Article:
The “Breast Cancer” Genes: BRCA1 and BRCA2 Gene Mutations

Home » Women's Health News » The “Breast Cancer” Genes: BRCA1 and BRCA2 Gene Mutations

Breast cancer and ovarian cancer can be caused by a number of different factors. Most women who get cancer don’t have a family history of the disease, but sometimes cancer will run in families. Known as hereditary or familial cancer, these types of cancer are caused by changes, or mutations, in genes that pass from parent to child. The most common mutations linked to breast or ovarian cancer are in the BRCA1 and BRCA2 genes. Mutations in these genes increase your risk of getting cancer, but if you have the gene mutation, that doesn’t mean you will develop cancer.

What are the BRCA1 and BRCA2 Genes?

Everyone has the BRCA1 and BRCA2 genes. They are called tumor suppressor genes and keep cells in your body from growing too quickly. Mutations in these genes mean they don’t work properly. That can cause cells in your body to grow out of control, which can lead to cancer.

About 1 in 300 people have a mutation in the BRCA1 gene and about 1 in 800 have a mutation in BRCA2. Anyone can have these mutations, but they tend to be found more often in people who have Eastern or Central European Jewish, French Canadian, and Icelandic backgrounds.

What is My Cancer Risk?

All women are at risk of getting breast cancer or ovarian cancer. The risk of getting breast cancer at some point in her lifetime for the average woman is about 12%. Having a BRCA mutation increases that risk to about 45 to 85% by age 70. The BRCA mutation also increases your risk of developing cancer of the ovary, fallopian tube, peritoneum, pancreas, and skin (melanoma).

Getting Tested for BRCA Gene Mutations

We typically recommend women have a test for BRCA1 and BRCA2 mutations if they are in a high-risk group. The questions your doctor might ask you to make that determination may be if you:

  • Have or had breast or ovarian cancer
  • Have or had ovarian cancer and have a close relative (parent, sibling, child, grandparent, grandchild, uncle, aunt, nephew, niece, or first cousin) with ovarian cancer, breast cancer, or both
  • Have or had ovarian cancer and are of Eastern or Central European Jewish ancestry
  • Were diagnosed with breast cancer at age 50 or younger and have a close relative with ovarian cancer or breast cancer
  • Were diagnosed with breast cancer at age 40 or younger and you are of Eastern or Central European Jewish ancestry
  • Have a close relative with a BRCA1 or BRCA2 mutation

While BRCA1 and BRCA2 are the most common genetic mutations associated with hereditary cancer, there are other mutations that can increase your risk of cancer. If your doctor recommends genetic testing, he or she may recommend testing that includes looking for other genetic mutations as well.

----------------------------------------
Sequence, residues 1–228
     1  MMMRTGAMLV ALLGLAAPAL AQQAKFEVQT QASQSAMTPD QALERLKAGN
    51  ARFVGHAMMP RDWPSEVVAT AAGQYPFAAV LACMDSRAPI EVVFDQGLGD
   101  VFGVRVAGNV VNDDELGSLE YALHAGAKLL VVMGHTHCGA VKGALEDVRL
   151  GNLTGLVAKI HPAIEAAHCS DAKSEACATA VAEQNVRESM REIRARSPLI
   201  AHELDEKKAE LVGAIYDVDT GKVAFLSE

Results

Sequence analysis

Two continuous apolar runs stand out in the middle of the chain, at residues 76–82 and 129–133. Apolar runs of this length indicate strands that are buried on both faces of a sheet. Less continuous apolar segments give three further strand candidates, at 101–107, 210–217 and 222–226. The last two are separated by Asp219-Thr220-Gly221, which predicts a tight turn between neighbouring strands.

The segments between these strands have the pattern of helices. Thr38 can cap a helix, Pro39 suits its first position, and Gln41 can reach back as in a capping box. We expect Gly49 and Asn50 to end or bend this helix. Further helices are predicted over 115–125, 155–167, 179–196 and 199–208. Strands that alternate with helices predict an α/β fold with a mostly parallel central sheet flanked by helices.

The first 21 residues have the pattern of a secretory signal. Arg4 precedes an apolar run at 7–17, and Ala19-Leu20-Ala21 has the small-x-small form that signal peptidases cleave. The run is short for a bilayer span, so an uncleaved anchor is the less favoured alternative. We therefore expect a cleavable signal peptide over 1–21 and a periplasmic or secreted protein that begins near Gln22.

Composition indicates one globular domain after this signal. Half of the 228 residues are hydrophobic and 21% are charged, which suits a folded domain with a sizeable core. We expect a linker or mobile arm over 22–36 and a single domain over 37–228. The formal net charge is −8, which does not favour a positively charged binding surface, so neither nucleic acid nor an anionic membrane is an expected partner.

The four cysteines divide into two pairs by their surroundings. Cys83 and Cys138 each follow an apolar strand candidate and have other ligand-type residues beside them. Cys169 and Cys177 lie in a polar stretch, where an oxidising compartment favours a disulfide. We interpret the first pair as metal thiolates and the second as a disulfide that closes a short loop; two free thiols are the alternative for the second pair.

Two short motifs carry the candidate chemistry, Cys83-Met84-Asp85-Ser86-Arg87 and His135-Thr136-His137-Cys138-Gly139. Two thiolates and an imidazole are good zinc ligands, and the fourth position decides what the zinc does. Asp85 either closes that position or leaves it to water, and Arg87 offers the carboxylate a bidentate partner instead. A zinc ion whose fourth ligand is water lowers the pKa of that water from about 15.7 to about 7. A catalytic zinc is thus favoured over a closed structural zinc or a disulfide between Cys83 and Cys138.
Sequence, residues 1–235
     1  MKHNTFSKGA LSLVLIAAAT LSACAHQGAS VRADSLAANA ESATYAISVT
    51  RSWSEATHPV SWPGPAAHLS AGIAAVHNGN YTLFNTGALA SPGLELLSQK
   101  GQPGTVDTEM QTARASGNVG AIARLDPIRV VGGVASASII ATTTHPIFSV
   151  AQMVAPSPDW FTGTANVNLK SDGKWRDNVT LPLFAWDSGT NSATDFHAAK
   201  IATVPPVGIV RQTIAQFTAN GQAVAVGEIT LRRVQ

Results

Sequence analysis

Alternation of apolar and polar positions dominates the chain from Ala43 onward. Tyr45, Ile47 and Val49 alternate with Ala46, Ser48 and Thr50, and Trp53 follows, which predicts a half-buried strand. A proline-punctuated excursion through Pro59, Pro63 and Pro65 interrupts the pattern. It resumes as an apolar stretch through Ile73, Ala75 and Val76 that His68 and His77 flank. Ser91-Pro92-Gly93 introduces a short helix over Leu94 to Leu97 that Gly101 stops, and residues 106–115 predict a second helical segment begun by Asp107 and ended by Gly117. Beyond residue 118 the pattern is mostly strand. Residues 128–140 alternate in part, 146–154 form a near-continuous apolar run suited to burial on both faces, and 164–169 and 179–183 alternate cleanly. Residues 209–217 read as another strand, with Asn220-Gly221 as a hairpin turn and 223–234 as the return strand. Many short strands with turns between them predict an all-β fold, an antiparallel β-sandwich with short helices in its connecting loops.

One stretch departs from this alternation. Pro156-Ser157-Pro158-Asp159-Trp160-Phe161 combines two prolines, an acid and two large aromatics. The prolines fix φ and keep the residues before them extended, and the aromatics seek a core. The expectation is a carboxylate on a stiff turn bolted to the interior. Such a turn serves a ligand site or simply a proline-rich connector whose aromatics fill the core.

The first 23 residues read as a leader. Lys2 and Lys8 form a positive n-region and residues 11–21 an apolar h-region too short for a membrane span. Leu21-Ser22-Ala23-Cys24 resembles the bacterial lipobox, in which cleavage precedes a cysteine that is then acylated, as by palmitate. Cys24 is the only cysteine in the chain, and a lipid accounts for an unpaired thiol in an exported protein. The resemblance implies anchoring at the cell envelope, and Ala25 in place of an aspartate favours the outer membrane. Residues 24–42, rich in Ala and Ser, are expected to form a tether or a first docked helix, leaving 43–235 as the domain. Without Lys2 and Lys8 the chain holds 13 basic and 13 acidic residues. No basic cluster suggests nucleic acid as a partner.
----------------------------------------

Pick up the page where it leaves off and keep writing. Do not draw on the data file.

Testing Positive

Once you are tested, a positive result would mean you have the genetic mutation. A negative result would mean that your risk of getting cancer would be the same as the general population. Other members of your family may have the BRCA1 or BRCA2 mutation, but a negative result would mean you didn’t inherit it.

If you have a BRCA mutation, which puts you at a higher risk of getting cancer, there are several cancer-prevention strategies available to you that you might want to discuss with your doctor.

Breast cancer screenings:

  • Clinical breast exam every 6-12 months
  • Annual breast imaging beginning at age 25, including getting an MRI and mammogram

Ovarian cancer screenings:

  • A blood test for a cancer cell marker called CA 125, which may be present in women with ovarian cancer
  • Ultrasound examinations of your ovaries

Medications:

  • Chemoprevention drugs such as Tamoxifen, which has been shown to reduce the risk of breast cancer in women with BRCA2 mutations
  • Combined hormonal birth control pills (with both estrogen and progestin) that may reduce the risk of ovarian cancer

Risk-reducing surgery:

  • Bi-lateral mastectomy (removing both breasts)
  • Removal of both ovaries and fallopian tubes

If you test positive for a hereditary gene mutation, you may also want to share that information with your family members. Your blood relatives – parents, siblings, children – would also be at risk of having the mutation as well.

Talk to Your Doctor

If you have any questions or concerns about your chance of having a genetic mutation that would increase your risk of developing cancer, talk to your doctor. He or she can offer options to help you take the best care of your health.

 

Source: American College of Obstetricians and Gynecologists

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